I won't recount the numerous highlights, since they've been amply covered, but I will list a few of my favorite moments. First, there was the incredible performance by the US women athletes; they accounted for the majority, I believe, of the US's 104 total medals, especially the golds. Congratulations to them, and of course to all the competitors at the games. Congratulations also to host UK, for pulling off a drama-and-terror-free extravaganza, from start to finish, and for also achieving its astonishing medal haul. Among the individual athletes, perhaps my favorite was 16-year-old Gabby Douglas, who became the first African American woman to win the gold in the women's artistic gymnastics all around, and the women's team also taking the gold. I still get a little choked up about the former achievement, and Douglas has been a delight to watch since. I hope she inspires many other young people to keep pushing even when, as was the case for her family, it was an incredible financial and logistical trial to keep going.

Louis Smith of Great Britain, on the pommel horse; the UK team took bronze

I also must give props to Michael Phelps, who, despite the hype, really showed what a champion is, by coming back and winning even more golds and other medals, in individual and relay races, and setting a standard that probably won't be equaled anytime soon. There was main man Usain Bolt, who despite the naysayers blew past his competition in record time in the 100 m and 200 m, and with his Jamaican teammates, set another record in the 4 x 100. I was as riveted by all the American women runners too: Allyson Felix, Carmelita Jeter, Sanya Richards Ross, and the rest, who won their races and relays, and let the world know that even if the male athletes weren't keeping pace, they were ready to set it. Double amputee Oscar Pistorius showed tremendous heart in his races, getting as far as the finals in the men's 400 m and 4x400m, while American Manteo Mitchell ran a leg of the 4x400m prelims with a broken leg, yet did not give up, helping the US men to advance to the next round.

The women's 4x100 record-setting relay team
I loved that some older athletes also did wonderfully at the games. There was Dominican American Félix Sánchez, now 35, winning the 400 m hurdles again for DR, reprising his 2004 gold in Athens, after having faltered badly in 2008 as his grandmother was dying. He broke down after winning and was so shaken with joy that he could not stop crying on the medal stand. Also, Kristin Armstrong, at age 39, returned and won a second gold in the women's cycling road individual time trial. There was Serena Williams, now 30 and a Grand Slam tennis winner (with five singles titles at the Australian Open, 1 single title at the French Open, five Wimbledon titles, and 3 US Opens) earning her first gold in women's singles, and then returning the next day to win the doubles gold with her sister, tennis champion Venus Williams, now 32.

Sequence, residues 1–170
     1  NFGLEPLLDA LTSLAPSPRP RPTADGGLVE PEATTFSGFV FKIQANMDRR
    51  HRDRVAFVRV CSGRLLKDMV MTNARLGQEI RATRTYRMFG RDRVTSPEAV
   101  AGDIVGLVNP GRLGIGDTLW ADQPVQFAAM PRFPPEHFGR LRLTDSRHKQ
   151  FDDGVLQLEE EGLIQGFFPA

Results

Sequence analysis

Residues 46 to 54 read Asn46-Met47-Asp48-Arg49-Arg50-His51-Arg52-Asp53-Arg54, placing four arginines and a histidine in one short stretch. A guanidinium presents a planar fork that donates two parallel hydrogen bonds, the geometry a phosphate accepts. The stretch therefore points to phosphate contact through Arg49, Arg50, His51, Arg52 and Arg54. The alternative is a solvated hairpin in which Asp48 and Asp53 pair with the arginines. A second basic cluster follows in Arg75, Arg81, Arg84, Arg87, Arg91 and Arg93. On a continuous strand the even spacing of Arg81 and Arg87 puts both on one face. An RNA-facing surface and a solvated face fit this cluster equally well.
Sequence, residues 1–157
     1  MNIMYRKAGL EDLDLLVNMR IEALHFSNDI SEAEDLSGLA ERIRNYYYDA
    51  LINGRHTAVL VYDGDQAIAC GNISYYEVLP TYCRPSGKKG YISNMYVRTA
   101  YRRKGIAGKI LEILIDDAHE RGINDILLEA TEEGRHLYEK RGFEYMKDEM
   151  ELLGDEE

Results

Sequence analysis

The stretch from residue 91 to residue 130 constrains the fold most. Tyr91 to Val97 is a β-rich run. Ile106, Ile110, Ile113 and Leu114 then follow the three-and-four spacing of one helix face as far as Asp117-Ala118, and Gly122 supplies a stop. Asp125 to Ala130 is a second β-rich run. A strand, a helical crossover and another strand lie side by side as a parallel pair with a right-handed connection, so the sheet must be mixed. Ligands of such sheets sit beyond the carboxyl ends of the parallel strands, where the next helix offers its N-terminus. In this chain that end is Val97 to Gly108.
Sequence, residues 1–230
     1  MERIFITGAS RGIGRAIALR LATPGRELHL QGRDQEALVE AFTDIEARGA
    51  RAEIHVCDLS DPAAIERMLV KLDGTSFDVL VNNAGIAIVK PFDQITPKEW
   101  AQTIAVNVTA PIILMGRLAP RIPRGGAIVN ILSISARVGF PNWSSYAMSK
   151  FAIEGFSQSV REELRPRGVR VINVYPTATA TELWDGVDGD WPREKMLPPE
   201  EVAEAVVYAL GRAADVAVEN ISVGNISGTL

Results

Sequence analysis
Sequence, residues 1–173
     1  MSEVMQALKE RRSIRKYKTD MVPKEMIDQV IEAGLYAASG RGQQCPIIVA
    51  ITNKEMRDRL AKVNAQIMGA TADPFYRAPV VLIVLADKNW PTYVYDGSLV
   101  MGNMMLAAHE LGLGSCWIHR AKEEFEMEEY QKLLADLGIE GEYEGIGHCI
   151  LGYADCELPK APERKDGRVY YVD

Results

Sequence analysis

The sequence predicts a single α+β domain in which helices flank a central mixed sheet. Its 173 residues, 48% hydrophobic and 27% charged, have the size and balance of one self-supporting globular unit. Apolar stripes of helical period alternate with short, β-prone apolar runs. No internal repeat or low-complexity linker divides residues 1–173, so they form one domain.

Kirani James of Grenada celebrates his victory in the men's 400 m finals
Some newbies also took surprising golds. There was American Jordan Burroughs, from Camden, New Jersey, who defeated his Iranian challenger, Sadegh Saeed Goudarzi, to win a gold in the 74 kg freestyle competition. There was 19-year-old Kirani James, of tiny Grenada, winning the men's 400 meters, a race Americans have long dominated. In another surprising outcome, 19-year-old Trinidadian Keshorn Walcott received the gold medal in the men's javelin throw. A number of young American women took golds, silvers and bronzes in swimming, including 15-year-olds (!) Katy Ledecky (US) in the 800m freestyle, and Ruta Meilutye (Lithuania) in the 100m breaststroke, and 16-year-old Ye Shiwen (China) in the women's 200m and 400m individual medleys. A US coach, however, cast Ye's victories in doubt, publicly questioning whether she had been doping, which enraged many Chinese officials and fans. Several athletes were sent packing for doping, including one for having (accidentally, he claimed) ingesting a little weed. Uh huh. Though the gymnastics judging required some redos, bringing a silver to the Japanese men's team and pushing the British into bronze status, and a bronze as well to American Natalia Raisman in the floor exercises final, the shakiest sport this time through appeared to be boxing, where some of the officials calls looked more than subjective, and accusations have since flown about possible match fixing.